OPINION: “Originalism” makes us Gaslighting | opinion

The recent setting aside of the Roe v. Wade and Casey v. Planned Parenthood by the Supreme Court has shattered the traditional notion of the nation’s highest court. SCOTUS was previously viewed by scholars and the public as the less political branch due to its fact judicial independence and tendencies towards consensus has now become another victim of the increasing polarization of the political elites. Even more farsighted in my thoughts, as well as my mate writerhowever, is the self-proclaimed “originalism” of a body of judges.

Originalism is a legal philosophy formed by Justice Scalia in response to perceived legal activism by SCOTUS. This philosophy states that when dealing with a constitutional question, one must refer to the law as originally intended. Consequently, judges draw heavily on the history and legal debate surrounding the law at the time of its writing. Of the nine members of the court, judges Thomas, Gorsuch, Kavanaugh, Alito and Barrett have all declared that they are originalists, and their voting results appear to support these claims.

At first glance, a philosophy that says we should just stick to the text of the Constitution, as intended, is not so far-fetched. But a closer look reveals the cracks in the theory.

Two recent decisions have illustrated these cracks. The first, Dobbs v. Jackson Women’s Health Organization, shows a shocking lack of awareness of women’s legal history, even though its impact is felt most strongly by women. The second, New York State Rifle Association Inc. vs. Bruencompletely ignores the scholarly debate surrounding the Second Amendment and attempts to politicize the story.

In Dobbs, Judge Alito stated, “The right to abortion is not deeply rooted in the history and tradition of the nation.” In New York Rifle, Judge Thomas said something very similar about an individual’s right to own and bear a gun, saying : “The government must demonstrate that regulation is consistent with the nation’s historical tradition of firearms regulation.”

Alito claimed that “three-fourths of the states made abortion a crime at any stage of pregnancy” and “until the second half of the 20th century such a right.” [to abortion] was totally unknown in American law” in Dobbs. The problem with this claim is that until the mid-20th century, the notion of women as equal citizens was unknown in American law and society.

Property rights for single women did not arrive in some states until the early 19th century. Married women could not control their personal finances in many states until the late 19th century. Women did not retain the right to vote until 1920. For poor, uneducated and/or non-white women, this right is still challenged to this day. Of the many laws that suppress women’s right to bodily autonomy, this was notorious Comstock Laws of 1873, which banned all “obscene” material. This massively reduced access to things as small as romance novels to things as important as contraception.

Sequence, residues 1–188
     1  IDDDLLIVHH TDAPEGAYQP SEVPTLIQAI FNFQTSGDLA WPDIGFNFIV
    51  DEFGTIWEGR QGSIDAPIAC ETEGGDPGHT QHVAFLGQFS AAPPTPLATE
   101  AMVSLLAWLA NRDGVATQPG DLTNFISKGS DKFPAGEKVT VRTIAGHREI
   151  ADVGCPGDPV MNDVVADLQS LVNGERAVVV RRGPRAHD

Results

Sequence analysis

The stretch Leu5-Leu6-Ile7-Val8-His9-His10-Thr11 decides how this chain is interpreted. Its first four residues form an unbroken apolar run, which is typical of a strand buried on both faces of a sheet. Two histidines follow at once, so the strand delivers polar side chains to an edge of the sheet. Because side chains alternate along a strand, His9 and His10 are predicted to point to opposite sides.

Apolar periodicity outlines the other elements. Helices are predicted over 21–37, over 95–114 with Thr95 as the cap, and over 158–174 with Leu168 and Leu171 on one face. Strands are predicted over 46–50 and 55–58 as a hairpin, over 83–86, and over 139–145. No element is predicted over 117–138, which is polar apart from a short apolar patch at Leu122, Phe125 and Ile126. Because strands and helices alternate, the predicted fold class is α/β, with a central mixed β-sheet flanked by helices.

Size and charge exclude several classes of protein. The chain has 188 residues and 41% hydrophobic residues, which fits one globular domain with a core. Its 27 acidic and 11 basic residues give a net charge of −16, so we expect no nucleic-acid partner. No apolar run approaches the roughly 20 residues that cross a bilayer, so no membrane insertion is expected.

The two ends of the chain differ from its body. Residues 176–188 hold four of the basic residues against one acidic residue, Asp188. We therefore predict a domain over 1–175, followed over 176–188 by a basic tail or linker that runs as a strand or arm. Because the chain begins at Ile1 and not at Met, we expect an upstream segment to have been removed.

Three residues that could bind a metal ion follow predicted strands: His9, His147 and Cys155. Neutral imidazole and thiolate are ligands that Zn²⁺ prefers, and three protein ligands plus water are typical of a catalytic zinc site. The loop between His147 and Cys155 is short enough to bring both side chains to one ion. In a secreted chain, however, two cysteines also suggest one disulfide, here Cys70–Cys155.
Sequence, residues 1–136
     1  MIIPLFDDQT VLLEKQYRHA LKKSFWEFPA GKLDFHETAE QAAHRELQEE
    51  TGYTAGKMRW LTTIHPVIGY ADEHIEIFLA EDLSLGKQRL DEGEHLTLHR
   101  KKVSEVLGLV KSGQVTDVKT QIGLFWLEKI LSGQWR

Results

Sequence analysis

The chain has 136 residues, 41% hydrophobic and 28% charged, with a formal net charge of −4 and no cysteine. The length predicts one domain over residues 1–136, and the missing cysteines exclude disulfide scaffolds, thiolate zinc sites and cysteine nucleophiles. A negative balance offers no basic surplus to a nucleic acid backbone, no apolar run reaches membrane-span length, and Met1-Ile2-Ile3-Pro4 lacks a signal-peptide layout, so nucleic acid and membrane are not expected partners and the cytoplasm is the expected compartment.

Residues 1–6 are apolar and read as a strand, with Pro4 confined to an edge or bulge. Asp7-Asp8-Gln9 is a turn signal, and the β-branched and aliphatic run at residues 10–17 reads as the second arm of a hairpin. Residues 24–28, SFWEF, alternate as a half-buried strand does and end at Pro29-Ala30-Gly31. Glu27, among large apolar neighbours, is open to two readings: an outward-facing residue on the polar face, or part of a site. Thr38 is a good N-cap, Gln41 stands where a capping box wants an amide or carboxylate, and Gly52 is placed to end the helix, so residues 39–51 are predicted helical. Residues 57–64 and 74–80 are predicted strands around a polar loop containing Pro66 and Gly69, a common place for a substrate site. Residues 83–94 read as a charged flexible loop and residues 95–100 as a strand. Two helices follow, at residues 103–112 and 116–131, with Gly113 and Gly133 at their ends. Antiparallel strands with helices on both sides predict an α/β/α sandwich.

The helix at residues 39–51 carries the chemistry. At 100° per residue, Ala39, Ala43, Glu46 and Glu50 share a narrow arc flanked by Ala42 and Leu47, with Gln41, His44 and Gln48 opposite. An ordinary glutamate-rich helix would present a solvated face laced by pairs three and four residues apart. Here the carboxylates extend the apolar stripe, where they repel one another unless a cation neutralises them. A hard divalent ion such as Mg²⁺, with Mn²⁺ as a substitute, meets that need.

How can Alito claim to have history on his side when the laws he mentions never had women’s approval? The laws to which he refers were written to actively suppress women’s political influence to an almost negligible level. They have no basis in modern science and actively oppose it XIV Amendments Equality clause – they should not be used to determine the constitutionality of abortion.

In case of New York Rifle versus Bruen, the court found historical evidence of an individual right to own guns and no history of regulation based on an example of the need for one. However, looking at the second amendment, the text shows no right to self-defense or the right to bear arms. As a matter of fact, Mr. William Blackstonea leading common law thinker, insisted that rights are “bipartite,” that guns inherently come with an obligation to use and own them properly.

The existence of a right therefore does not conflict with regulations for the protection of the general public. For some scholars, which means property is only within the confines of a trained militia. When examining the legal history of the United States, there are many places to look strict restrictions across the country on gun ownership.

Judge Thomas uses his originalism as an excuse to automatically block New York from enacting their gun laws, in part because he believed there was no history to support such a law. Thomas was right when he said the law was tremendously clear in its application, but his claim to have history on his side is fallacious and false. The story doesn’t take sides, it just tells what happened.

These judges are not “originalists”; they are would-be autocrats. Their form of originalism burdens history regardless of public opinion, modern science, legal philosophy, and political philosophy. She fervently seeks to collectively hold our nation back.

While it is important to consider the original purpose of the Constitution as the basis for the decision, it is absurd to look to our history for answers. Our history is muddy, covered in dark times as well as distinctly light ones. We have a history of subjugation, discrimination and bigotry. But we also have a history of resilience, courage and progress. SCOTUS decisions should never be based solely on American history, as that simply allows the court to single out history to fit into their agenda.

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